The Breached Data Life Cycle is Shorter Than You Think

Compared to how they felt a year ago, 57% of American adults are more concerned that their personal information will be compromised in a data breach—and with good reason! The Privacy Rights Clearinghouse reports there have been 8,068 data breaches since 2005, involving close to 11 billion records. In 2017 alone, we saw several high-profile breaches that exposed names and social security numbers for millions of Americans. Widespread data breaches will unfortunately continue to happen, so it is important for consumers and businesses alike to understand what happens to personal information once it gets breached. In this blog post, we’ll walk through one potential route—from data breach to fraudulent use.

chart showing consumer concern

Stage 1: Breach

A data breach occurs when a criminal successfully extracts sensitive information from a business. They may research the company’s systems, looking for a weakness, or attack with a spear phishing campaign to steal login credentials.

Stage 2: Sale on the Dark Web

Once the data is breached, criminals sell the stolen personally identifiable information (PII) in bulk on the Dark Web, a collection of websites that grant users anonymity. The more “complete” the identity information is, the more valuable that data is to fraudsters. In-depth, complete identity data (called “FULLZ” on the Dark Web) can include a disturbing amount of PII – including name, SSN, address, credit card numbers, bank account numbers, car make and model, email address, and passwords.

Step 3: Fraud

With purchased PII in hand, fraudsters set to work. Research by the FTC shows that criminals attempted to use stolen PII within 9 minutes of it being posted online. They can extract value from all types of data: credit card numbers are used for quick purchases before they are deactivated; PII is used to open accounts and apply for loans; log-in credentials are used to drain accounts.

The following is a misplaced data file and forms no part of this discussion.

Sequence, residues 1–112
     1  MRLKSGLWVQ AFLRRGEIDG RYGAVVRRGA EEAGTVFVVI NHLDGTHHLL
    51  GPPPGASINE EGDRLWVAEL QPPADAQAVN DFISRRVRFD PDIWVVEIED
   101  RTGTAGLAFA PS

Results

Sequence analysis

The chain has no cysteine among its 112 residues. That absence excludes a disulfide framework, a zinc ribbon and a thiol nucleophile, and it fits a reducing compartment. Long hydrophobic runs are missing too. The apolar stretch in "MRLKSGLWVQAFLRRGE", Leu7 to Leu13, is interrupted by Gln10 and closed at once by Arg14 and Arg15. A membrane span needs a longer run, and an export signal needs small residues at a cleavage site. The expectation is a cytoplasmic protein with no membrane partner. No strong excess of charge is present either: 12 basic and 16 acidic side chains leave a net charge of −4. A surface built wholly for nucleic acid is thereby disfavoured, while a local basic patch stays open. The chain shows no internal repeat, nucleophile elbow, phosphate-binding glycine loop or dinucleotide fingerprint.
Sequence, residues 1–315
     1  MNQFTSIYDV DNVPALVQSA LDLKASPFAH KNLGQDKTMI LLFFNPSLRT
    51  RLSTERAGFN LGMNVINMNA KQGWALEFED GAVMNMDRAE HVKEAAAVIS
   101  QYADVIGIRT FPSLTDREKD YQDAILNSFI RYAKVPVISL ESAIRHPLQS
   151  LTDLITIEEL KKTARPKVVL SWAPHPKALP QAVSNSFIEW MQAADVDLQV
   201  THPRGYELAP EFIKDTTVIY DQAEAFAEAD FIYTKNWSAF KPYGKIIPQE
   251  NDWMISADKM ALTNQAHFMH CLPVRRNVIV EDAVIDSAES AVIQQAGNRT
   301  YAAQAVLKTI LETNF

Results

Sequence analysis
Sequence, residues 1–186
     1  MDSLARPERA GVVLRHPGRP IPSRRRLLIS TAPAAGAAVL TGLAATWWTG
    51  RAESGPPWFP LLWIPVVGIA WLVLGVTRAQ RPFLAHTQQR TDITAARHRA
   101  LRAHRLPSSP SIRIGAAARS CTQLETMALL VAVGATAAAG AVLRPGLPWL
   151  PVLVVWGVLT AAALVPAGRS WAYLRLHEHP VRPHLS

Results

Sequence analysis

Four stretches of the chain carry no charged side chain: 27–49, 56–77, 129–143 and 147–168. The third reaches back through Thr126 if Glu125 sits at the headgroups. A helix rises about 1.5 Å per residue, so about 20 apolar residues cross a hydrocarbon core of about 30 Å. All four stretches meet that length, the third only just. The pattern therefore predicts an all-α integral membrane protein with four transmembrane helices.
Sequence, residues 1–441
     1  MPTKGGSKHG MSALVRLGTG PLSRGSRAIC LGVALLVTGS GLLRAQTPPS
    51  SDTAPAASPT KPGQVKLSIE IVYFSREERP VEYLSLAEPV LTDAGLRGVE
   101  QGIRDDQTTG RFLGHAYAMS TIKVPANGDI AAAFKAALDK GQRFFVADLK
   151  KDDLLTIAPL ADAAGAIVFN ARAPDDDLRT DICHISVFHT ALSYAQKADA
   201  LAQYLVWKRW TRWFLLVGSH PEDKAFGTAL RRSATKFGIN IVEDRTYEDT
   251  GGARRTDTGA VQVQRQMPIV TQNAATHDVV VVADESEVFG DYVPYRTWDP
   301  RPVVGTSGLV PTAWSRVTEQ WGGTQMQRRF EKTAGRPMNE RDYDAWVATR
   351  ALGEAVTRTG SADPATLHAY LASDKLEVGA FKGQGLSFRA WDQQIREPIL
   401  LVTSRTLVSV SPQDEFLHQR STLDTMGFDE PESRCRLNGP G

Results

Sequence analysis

Once a data breach is recognized by a company, the value of the compromised identities falls quickly. It’s a race against the clock to use the data before consumers and businesses deactivate breached accounts, cancel cards, and change passwords. Some fraudsters, however, may opt for a long con. A growing form of fraud called synthetic identity fraud involves a mixture of real and fake data to create a brand-new identity that belongs to no one. Fraudsters may take months or even years building up a credit profile for a synthetic identity before “busting out” by maxing out credit lines and disappearing.


Businesses can add additional safeguards to their system to help protect consumer’s identities with robust identity verification and fraud prevention methods. Providing employees with the means to securely verify the identity of a caller or customer also helps ensure that legitimate customers can access accounts while fraudsters are turned away. Finally, putting a response plan into place will allow a business to minimize damage and restore security in the event of a breach.

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